Three-Drug Combinations May Soon Become Standard in Myeloma Care

A three-drug approach is proving beneficial for the treatment of multiple myeloma. 
BY Laura Panjwani
PUBLISHED September 06, 2016
Treatment of multiple myeloma may soon be shifting into a three-drug approach says Maria-Victoria Mateos, M.D., Ph.D., an associate professor of Hematology at the Hospital Universitario de Salamanca and Centro de Investigación del Cáncer in Spain.

“The triplet is superior to the doublet; in the near future, all patients are going to receive triplets in the upfront setting and also receive three-drug regimens at the moment of relapse,” Mateos said in an interview with CURE.

The triplet combination of Ninlaro (ixazomib) plus Revlimid (lenalidomide) and dexamethasone is one that has shown significant promise. In November 2015, the FDA approved Ninlaro in combination with Revlimid and dexamethasone as a treatment for patients with multiple myeloma who have received at least one prior therapy, based on the phase 3 TOURMALINE-MM1 trial.

In the study, the median progression-free survival (PFS) was 20.6 months with the Ninlaro triplet compared with 14.7 months with Revlimid and dexamethasone alone.

In her discussion with CURE, Mateos provided insight on a subanalysis of the TOURMALINE-MM1 trial, the impact of Ninlaro’s approval, and the future of triplet combinations in the treatment multiple myeloma.
 

Can you provide an overview of the TOURMALINE-MM1 study and your subanalysis?

The TOURMALINE-MM1 study is a phase 3 randomized trial conducted in relapsed and refractory patients with multiple myeloma after one to three prior lines of therapy. In the study, Ninlaro, the first oral proteasome inhibitor, was added to Revlimid/dexamethasone, and compared with a placebo in combination with Revlimid/dexamethasone.

There were 722 patients included in this trial, and the primary endpoint was PFS. The triplet combination of Ninlaro/Revlimid/dexamethasone resulted in significantly superior PFS in comparison with placebo plus Revlimid/dexamethasone.

At the 2016 American Society of Clinical Oncology (ASCO) Annual Meeting, we presented a subanalysis according to the prior lines of therapy. Most patients were Velcade (bortezomib) exposed and thalidomide exposed, while a few patients were Revlimid exposed. There was a subset of patients who were even refractory to thalidomide.

The results of this subanalysis showed that the benefit of Ninlaro with Revlimid/dexamethasone was sustained across the different subgroups of patients, regardless of the prior lines of therapy.

What is the main takeaway from these findings?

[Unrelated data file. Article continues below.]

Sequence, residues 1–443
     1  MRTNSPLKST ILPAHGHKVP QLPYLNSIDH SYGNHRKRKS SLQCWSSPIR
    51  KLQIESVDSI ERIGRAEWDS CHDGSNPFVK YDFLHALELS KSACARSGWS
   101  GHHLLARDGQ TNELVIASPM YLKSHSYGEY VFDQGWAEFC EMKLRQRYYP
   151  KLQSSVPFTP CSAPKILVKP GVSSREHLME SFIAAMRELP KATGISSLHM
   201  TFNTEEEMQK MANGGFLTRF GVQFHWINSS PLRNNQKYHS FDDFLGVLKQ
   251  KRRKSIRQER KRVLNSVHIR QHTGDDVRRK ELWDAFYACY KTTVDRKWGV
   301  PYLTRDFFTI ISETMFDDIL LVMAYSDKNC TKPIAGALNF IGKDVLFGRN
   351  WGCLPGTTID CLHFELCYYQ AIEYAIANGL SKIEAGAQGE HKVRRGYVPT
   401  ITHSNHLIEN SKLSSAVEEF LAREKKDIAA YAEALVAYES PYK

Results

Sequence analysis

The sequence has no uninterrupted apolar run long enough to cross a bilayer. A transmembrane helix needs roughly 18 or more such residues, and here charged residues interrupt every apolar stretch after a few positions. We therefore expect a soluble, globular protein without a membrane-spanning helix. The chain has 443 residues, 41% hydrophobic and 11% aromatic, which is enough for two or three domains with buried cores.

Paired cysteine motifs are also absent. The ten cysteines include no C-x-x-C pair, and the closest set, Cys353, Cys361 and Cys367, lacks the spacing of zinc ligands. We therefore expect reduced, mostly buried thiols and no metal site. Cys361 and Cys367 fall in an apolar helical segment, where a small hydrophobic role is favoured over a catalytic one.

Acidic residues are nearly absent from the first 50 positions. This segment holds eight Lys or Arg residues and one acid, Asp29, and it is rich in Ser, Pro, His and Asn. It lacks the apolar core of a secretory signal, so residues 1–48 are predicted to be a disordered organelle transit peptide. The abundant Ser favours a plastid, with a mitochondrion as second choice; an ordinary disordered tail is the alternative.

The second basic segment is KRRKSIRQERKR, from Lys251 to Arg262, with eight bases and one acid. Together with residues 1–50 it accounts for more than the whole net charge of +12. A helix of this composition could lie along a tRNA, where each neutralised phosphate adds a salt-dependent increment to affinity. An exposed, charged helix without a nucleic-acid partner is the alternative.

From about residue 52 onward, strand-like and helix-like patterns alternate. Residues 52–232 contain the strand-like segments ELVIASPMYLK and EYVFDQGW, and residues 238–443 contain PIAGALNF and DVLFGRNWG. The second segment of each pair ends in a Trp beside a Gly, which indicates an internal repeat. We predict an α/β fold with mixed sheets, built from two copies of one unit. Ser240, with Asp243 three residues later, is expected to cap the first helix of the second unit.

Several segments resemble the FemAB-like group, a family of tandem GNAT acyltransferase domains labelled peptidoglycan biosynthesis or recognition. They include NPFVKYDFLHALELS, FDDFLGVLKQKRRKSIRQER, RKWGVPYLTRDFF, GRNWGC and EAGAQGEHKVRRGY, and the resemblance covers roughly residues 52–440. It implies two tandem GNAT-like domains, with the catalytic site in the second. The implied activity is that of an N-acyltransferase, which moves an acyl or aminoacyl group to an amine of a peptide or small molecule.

The main message is that when a patient has been previously exposed to Velcade or thalidomide, or even refractory to thalidomide, they can safely receive Ninlaro with Revlimid/dexamethasone because the benefit is going to be sustained.
 

What kind of impact has the TOURMALINE-MM1 study had on the treatment paradigm for multiple myeloma?

Ninlaro/Revlimid/dexamethasone represents a new three-drug–based combination that we can use in patients relapsing or progressing on one to three prior lines of therapy. In the past, Revlimid/dexamethasone was the standard of care for patients experiencing first, second, or even third relapse. Now, we have different three -drug–based combinations — Revlimid/dexamethasone plus something else. Some examples are Kyprolis (carfilzomib) plus Revlimid/dexamethasone, inotuzumab ozogamicin plus Revlimid/dexamethasone, and now Ninlaro in combination with Revlimid/dexamethasone. Patients can receive these mainly at first relapse.
 

Are there any advantages to one of these three-drug combinations over the others?

The results are similar for all of these three-drug combinations. The main advantage for Ninlaro in combination with Revlimid/dexamethasone is that it is an all-oral combination, so the number of visits to the hospital is significantly lower in comparison to the other three-drug combinations, in which the third drug is given intravenously.

Another important advantage is the benefit that has been observed in the TOURMALINE-MM1 study in patients with high rates of cytogenetic abnormalities and in patients with advanced stage of the disease—International Staging System 3. For this patient population, we don’t have many options and this subset of patients can obtain a great benefit with the Ninlaro triplet regimen.
 

Should any additional analyses of the TOURMALINE-MM1 study be conducted?

A subanalysis according to the cytogenetic status has been done and was presented at the 2016 ASCO Annual Meeting. This was interesting, because it confirmed the efficacy of Ninlaro/Revlimid/dexamethasone in patients with high-risk cytogenetic abnormalities. Additionally, a subsequent analysis can be done according to the quality of life. Another subanalysis can be done according to the number of prior lines of therapy, in order to find more information about the subset of patients who really are going to obtain the greatest benefit of this combination.
 
 
 
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